Chennai, the largest economic and trading city in south India, is unfortunately the top suicidal city in India. Last July, our staff Fountain visited Christian Missions Charitable Trust (CMCT), CEDAR’s local partner in India, and spent some time with the families of the children beneficiaries to better understand their lives.
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Interviewed and arranged by>Jojo Poon
Last November CEDAR staff Chik Tsan-ming (‘Chik’) visited our partners Family AIDS Caring Trust (FACT) and Trinity Project Trust (‘Trinity’) in Zimbabwe and met some of the children and families under their assistance program. To Chik, Zimbabwe is rich in natural resources, has good infrastructure and a high adult literacy of over 90%, but at the same time many vacant shopping malls and factories, an 80% unemployment rate and the typical day of having no lunch for most people.
Zimbabwe became independent and the white minority rule ended in 1980. The country then elected its first democratic president Robert Mugabe and he has been ruling Zimbabwe since then. After coming to power, Mugabe evicted the white landowners and confiscated all their lands, ruining Zimbabwe’s agricultural production and development, causing a sharp fall in the nation’s economy. Facing a weak economy and long-term debt, the Zimbabwean government printed banknotes in an attempt to cover the deficit but that only resulted in inflation in terms of millions and currency devaluation. High inflation, high unemployment rate and a high AIDS population all contributed to Zimbabwe’s poverty today.
‘I believe what the Zimbabwean children need most is an “identity”, legally and psychologically.’ Chik visited a local primary school in which two-thirds of the pupils do not have any identity document, without which they can neither continue their education nor inherit their parents’ possessions.
A staff member of FACT told Chik that her wish is these orphans could feel loved like other normal children. This touched Chik deeply. Yes, love is not restricted by blood relations, and although these orphans no longer have their parents’ love and protection, they are still loved by the church and the local community. We pray that the AIDS-orphans in Zimbabwe will truly know and experience that they are also being loved.
Chik was saddened with what he saw in Zimbabwe but he also witnessed how God trained the local churches to respond to the community needs according to the bible’s teaching, that the churches take part in nurturing and training the Zimbabwean children for the nation’s future development. Chik believes this is the ultimate objective of children ministry in poverty relief. ‘Join Hands Join Hearts’ Children Ministry Scheme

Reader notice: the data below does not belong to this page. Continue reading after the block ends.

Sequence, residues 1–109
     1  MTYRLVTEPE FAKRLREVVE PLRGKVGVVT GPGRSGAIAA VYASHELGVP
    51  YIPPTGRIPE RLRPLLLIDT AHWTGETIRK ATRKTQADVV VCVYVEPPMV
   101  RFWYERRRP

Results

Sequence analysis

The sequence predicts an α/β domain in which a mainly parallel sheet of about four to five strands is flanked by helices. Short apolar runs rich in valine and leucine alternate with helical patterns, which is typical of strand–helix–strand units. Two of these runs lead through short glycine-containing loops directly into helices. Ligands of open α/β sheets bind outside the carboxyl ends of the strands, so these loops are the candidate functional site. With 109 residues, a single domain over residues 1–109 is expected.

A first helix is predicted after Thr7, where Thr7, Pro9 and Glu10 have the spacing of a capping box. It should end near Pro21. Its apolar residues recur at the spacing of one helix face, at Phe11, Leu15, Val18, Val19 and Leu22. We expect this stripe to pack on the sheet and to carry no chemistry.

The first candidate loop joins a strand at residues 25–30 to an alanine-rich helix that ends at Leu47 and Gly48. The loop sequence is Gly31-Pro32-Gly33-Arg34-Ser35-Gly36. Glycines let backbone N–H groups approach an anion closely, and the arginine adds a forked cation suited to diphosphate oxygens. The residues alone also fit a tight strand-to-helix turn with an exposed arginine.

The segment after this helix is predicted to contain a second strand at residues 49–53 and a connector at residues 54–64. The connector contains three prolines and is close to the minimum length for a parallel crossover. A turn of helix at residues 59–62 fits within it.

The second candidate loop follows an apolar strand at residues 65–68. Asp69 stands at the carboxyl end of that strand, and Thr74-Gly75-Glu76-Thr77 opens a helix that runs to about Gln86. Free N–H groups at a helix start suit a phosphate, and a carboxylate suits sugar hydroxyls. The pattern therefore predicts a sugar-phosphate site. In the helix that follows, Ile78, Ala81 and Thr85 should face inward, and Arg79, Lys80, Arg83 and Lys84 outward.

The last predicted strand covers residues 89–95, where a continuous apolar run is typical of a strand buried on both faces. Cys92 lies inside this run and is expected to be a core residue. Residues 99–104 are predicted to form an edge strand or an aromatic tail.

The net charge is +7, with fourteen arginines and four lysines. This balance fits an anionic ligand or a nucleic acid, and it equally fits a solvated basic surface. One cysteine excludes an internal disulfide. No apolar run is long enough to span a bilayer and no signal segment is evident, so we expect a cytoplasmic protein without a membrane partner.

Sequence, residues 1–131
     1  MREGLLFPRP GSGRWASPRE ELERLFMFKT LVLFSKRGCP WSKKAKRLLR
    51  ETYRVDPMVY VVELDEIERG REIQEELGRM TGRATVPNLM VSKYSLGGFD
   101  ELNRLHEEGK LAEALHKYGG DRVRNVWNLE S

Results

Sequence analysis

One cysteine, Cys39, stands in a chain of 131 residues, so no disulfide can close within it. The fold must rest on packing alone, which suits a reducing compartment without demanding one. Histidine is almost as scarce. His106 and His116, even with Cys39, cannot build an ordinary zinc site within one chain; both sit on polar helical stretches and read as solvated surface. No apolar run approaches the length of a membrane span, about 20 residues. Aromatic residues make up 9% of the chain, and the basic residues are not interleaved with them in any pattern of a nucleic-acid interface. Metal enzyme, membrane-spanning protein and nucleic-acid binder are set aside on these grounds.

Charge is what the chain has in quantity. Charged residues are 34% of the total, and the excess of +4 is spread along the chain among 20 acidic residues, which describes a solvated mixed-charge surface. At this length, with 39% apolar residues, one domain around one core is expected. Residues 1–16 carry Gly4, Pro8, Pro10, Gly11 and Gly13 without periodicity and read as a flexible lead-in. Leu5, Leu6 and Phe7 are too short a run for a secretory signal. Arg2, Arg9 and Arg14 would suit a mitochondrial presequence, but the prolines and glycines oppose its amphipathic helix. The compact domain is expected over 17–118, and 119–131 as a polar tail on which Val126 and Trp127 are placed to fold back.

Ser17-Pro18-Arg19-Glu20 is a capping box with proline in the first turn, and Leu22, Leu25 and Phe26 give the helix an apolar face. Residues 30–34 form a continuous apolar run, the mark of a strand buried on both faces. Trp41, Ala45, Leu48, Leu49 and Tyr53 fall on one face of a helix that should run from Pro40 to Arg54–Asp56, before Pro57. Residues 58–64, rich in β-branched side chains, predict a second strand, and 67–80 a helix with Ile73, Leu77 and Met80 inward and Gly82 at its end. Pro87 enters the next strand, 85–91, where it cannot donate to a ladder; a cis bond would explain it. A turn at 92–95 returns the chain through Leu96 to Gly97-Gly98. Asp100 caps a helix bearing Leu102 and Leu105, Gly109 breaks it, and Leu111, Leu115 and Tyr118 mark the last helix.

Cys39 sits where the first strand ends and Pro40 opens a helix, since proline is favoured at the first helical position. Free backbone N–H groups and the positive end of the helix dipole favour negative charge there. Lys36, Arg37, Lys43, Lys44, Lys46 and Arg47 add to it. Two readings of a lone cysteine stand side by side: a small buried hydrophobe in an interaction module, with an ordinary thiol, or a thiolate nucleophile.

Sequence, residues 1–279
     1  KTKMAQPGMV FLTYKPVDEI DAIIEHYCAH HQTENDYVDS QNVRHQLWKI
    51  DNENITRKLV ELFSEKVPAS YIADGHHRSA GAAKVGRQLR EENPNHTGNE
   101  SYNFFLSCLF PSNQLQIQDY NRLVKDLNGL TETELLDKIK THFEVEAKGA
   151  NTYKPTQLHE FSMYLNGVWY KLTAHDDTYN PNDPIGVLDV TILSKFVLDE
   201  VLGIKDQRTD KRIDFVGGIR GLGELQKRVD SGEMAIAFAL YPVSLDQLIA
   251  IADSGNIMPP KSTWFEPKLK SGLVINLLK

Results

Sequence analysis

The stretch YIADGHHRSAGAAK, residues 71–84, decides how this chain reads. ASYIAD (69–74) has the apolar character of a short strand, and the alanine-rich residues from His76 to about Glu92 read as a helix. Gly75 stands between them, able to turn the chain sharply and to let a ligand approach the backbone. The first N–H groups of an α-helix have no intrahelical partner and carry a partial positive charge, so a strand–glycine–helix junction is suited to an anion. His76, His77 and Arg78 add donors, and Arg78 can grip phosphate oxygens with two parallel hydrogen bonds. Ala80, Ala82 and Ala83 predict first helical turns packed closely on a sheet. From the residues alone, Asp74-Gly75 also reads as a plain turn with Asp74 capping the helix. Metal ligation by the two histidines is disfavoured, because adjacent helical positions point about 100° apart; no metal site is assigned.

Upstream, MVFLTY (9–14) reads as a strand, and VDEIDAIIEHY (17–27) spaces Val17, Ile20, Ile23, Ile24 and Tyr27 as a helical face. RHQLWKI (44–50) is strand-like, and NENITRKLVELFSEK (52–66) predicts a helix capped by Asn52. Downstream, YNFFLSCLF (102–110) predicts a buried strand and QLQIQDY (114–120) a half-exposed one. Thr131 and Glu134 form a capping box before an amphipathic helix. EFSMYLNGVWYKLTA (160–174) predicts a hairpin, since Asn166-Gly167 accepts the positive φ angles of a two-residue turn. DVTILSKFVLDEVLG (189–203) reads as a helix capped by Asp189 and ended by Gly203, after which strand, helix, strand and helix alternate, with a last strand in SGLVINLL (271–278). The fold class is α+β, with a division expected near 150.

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The 6.5 foot tall sculpture ‘Survival of the Fattest’ by Jens Galschiøt (who also made the Pillar of Shame) and Lars Calmar was exhibited in Hong Kong during the anti-WTO protest in 2003.
Author: Fountain CHIK, Programme Officer
I encountered the sculpture in 2003 and read its inscription: ‘I’m sitting on the back of a man. He is sinking under the burden. I would do anything to help him, except stepping down from his back.’ It has embedded in my mind and I have recalled it often.
Since 2006, either from a distance or close up, I started caring about CEDAR’s concerns. The skinny figure surged my mind as I met with the survivors of the Sri Lanka tsunami, the Hmong people of North Thailand who hold no identity, the impoverished farmers of Hubei, and the Bangladeshi slum dwellers. The figure shoulders a heavy burden, and although his back is straight, the load’s weight forces his head to be lowered.
The fat woman above him is blind to their dangerous situation: she is over-weight even to the point of threatening her own health; her ‘foundation’ is not steady either – top-heavy and fragile like hitting an egg against the wall; both seem to be in danger.
He is stressed, so is the fat woman; their fates are intertwined and tangled. The fat woman is hijacking the skinny man and both are at a dead end.
O Lord who daily bears our burdens  , You bore the sins of mankind but Your yoke is easy. You teach by word and deed and show the world a new way: ‘Carry each other’s burdens, and in this way you will fulfil the law of Christ.’ 
How we wish the fat woman would step down and share with the skinny man the scales of justice in her hand, and walk humbly together with God on a new path.
Fountain went on CEDAR’s Sri Lanka exposure trip in 2006, was with a Hmong tribal village in North Thailand on a two-month seminary practicum in 2010. He joined CEDAR in March 2012.